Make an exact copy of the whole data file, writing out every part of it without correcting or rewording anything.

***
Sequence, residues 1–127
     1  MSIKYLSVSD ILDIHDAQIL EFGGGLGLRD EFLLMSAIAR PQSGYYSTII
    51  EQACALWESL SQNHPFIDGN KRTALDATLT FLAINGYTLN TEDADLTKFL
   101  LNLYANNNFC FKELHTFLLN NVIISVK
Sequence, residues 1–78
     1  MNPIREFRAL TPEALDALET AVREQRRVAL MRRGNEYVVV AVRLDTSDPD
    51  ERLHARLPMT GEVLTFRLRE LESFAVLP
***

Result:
Sequence, residues 1–127
     1  MSIKYLSVSD ILDIHDAQIL EFGGGLGLRD EFLLMSAIAR PQSGYYSTII
    51  EQACALWESL SQNHPFIDGN KRTALDATLT FLAINGYTLN TEDADLTKFL
   101  LNLYANNNFC FKELHTFLLN NVIISVK
Sequence, residues 1–78
     1  MNPIREFRAL TPEALDALET AVREQRRVAL MRRGNEYVVV AVRLDTSDPD
    51  ERLHARLPMT GEVLTFRLRE LESFAVLP